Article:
I see advertisements for on-line and home study courses to learn how to become an airplane mechanic. There is a scary thought. I am afraid I feel the same way about vet tech and RN courses - you need the hands-on training in a school. Certainly as has been pointed out, in Ontario it is extremely difficult to get into vet school - Guelph in this case. Practically a closed shop. Also you should speak with your vet about possible employment opportunities. Years ago and I mean 1971 the community college I attended did start a 2 year vet tech program. The classes were booked to capacity, but employment opportunties did not exist at the pay rates expected.

kandy
May 28th, 2005, 12:35 PM
"Nationally accredited" doesn't mean the school itself is accredited. It means that it may have the blessing of an organization that oversees some of the programs. Even online diploma mills will say that they are accredited, but if you search for who they are accredited through, it turns out to be "Bob's house of Ribs" or something (exaggerating just slightly there - diploma mills really burn my butt). Tech schools are great for just learning what you need to learn for a specific occupation, but they won't give you the general education courses that you need to actually get a degree. If you go to a tech school, and then decide you want to go to a college, all the classes you took at the tech school will have to be repeated (with a few exceptions). You want to look for the school itself to be fully accredited, and then look for specific programs to have additional accreditation from organizations like a state board of nursing. So if you went to a Nursing tech school, and then decided that you would actually like to be a child psychologist or something, you would have to basically start all over again.
Here's a link to the US Dept of Education that has some good information about Tech schools and also lists all the recognized accrediting agencies:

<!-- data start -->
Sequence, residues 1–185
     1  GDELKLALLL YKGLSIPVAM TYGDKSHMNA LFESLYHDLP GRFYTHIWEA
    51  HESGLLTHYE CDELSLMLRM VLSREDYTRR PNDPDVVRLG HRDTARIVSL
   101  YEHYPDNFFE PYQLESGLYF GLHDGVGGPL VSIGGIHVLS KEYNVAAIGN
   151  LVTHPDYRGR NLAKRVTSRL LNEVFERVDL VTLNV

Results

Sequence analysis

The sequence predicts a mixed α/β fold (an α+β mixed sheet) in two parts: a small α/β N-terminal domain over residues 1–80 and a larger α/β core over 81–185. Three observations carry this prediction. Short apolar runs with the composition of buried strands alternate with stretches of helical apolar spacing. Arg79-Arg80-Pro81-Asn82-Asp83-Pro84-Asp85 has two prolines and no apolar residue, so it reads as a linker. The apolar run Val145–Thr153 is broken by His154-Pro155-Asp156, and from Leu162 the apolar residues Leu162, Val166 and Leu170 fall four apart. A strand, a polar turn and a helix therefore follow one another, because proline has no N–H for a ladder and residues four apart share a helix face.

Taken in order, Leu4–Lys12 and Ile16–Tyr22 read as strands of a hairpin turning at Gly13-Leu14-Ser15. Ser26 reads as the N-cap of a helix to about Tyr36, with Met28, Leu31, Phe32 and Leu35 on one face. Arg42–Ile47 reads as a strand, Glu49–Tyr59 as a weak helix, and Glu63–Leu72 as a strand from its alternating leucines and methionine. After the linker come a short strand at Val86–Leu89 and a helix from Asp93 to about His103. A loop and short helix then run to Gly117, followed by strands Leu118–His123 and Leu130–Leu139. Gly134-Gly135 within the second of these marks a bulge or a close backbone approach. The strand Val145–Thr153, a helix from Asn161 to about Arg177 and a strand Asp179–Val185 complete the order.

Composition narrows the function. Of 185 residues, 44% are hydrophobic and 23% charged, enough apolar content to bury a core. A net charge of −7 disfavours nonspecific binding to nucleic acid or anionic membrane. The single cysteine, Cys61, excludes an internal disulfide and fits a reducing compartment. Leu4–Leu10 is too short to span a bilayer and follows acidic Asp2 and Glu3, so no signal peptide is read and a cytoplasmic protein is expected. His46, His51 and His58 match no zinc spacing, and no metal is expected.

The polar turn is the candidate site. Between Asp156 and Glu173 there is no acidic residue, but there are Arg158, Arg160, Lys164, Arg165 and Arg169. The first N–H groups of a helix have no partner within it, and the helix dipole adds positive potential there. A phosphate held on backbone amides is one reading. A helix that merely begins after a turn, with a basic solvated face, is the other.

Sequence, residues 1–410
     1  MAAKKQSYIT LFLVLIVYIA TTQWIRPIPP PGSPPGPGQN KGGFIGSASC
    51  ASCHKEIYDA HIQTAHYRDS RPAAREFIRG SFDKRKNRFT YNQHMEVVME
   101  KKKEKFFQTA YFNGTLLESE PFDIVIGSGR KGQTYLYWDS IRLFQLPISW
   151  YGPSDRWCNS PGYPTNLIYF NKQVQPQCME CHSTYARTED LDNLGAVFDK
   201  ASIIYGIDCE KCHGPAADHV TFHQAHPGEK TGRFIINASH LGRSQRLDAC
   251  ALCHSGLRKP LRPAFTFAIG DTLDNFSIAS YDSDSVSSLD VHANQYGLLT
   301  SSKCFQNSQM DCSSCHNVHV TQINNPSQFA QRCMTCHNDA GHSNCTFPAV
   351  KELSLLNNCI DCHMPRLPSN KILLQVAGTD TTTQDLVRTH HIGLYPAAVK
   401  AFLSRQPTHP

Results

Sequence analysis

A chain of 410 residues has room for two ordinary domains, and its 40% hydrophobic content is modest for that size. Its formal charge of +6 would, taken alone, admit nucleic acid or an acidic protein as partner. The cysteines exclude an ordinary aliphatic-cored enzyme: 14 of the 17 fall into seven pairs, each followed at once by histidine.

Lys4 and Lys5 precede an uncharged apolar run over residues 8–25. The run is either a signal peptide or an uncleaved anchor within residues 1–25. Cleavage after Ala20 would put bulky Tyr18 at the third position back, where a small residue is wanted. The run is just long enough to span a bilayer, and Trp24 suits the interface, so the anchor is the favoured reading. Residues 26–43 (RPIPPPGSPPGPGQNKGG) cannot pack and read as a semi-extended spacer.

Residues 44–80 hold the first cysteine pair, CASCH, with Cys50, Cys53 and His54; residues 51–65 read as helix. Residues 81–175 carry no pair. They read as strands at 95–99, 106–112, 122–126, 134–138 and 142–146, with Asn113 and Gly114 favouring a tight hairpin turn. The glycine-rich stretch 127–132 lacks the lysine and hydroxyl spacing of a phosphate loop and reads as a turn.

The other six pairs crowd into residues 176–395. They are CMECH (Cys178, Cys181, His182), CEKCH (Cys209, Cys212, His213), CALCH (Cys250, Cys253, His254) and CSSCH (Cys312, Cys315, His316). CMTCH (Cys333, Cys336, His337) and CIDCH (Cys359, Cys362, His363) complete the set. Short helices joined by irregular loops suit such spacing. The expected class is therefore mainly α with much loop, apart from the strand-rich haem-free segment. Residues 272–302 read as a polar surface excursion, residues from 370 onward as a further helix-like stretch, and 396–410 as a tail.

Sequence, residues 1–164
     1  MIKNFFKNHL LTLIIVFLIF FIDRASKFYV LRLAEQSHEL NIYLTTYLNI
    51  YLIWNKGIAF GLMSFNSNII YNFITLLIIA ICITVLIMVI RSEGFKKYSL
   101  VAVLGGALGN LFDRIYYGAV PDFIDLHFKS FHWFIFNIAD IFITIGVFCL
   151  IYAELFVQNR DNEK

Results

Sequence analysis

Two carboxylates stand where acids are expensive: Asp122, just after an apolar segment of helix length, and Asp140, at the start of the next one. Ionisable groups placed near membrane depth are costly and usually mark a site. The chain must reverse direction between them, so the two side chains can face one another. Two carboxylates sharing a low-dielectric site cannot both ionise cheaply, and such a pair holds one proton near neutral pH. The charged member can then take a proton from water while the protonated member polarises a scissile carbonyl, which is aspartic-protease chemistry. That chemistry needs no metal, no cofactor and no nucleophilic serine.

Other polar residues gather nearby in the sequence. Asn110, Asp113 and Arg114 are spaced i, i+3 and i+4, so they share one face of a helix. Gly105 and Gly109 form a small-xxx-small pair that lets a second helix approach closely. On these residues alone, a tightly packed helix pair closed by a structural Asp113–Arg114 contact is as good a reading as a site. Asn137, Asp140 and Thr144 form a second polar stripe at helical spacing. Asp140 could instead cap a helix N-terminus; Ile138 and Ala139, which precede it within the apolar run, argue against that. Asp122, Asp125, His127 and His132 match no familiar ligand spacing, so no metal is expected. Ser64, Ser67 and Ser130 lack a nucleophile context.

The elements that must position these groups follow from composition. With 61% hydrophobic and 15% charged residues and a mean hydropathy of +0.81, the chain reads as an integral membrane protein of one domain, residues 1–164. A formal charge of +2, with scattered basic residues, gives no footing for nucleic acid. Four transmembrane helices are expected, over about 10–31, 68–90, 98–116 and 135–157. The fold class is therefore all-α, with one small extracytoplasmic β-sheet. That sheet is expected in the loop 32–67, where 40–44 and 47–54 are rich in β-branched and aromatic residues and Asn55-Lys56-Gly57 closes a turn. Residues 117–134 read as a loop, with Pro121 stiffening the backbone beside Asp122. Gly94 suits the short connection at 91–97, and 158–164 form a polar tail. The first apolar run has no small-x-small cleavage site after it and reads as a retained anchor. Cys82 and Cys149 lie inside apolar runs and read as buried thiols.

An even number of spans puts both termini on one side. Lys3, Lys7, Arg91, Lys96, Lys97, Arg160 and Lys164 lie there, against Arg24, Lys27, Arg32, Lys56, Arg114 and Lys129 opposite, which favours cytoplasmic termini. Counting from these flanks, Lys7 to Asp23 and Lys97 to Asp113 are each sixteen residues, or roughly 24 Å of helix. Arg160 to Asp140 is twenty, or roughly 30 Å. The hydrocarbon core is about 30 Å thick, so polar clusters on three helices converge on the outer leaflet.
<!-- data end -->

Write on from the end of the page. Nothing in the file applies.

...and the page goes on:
http://www.ed.gov/students/prep/college/consumerinfo/index.html

Crazy Hippie
May 29th, 2005, 11:34 AM
I didn't read all the replies so maybe I missed this but what country do you live in? I'm going into nursing in September (in Canada) and here it's a 4-year program and we have to have senior highschool credits in bio, english, and chem. I just finished a 4-yr degree in sociology but I've always felt drawn to the medical field. After the RN program there is something called the "nurse practitioner" program which is 1-2 yrs and if you complete this you can be a practitioner, like a family doctor. We're losing a lot of doctors to the states so doctors are really in demand here...not that you'd want to do this but this is my plan..it pays really good too!
I actually thought of going to vet school too. I didn't want to be a vet tech but I checked out veterinarian schooling and you need so much chem and math, and here you have to write the MCAT (medical college admissions test) and ohhhh I failed chem already once in university! There are so many areas of nursing and that's really what I like about it. Let us know what you decide to do!

Karin
May 29th, 2005, 04:49 PM
I see advertisements for on-line and home study courses to learn how to become an airplane mechanic. There is a scary thought. I am afraid I feel the same way about vet tech and RN courses - you need the hands-on training in a school. Certainly as has been pointed out, in Ontario it is extremely difficult to get into vet school - Guelph in this case. Practically a closed shop. Also you should speak with your vet about possible employment opportunities. Years ago and I mean 1971 the community college I attended did start a 2 year vet tech program. The classes were booked to capacity, but employment opportunties did not exist at the pay rates expected.

On line college degrees are just that here in the US. Good luck getting a job if this is how you get your diploma. There are so many vet colleges spitting out accredited techs theses days, most work for vets already...you can't beat on the job training with a sign off. Plus, with two more years most techs can finish with a few classes and be a licensed vet.

As far as airframe & powerplant mechanics...forget that too. Hogwash....anyone who sends money to these on line people better read the fine line...vet techs included.

These people will gladly take your money...if it sounds too good to be true., it usually is.

Prin
May 29th, 2005, 05:54 PM
I wish here you could become a vet through vet tech classes... You can't though. You do 3 years of vet tech, then 3-4 years of vet school (IF you can get IN). :sad: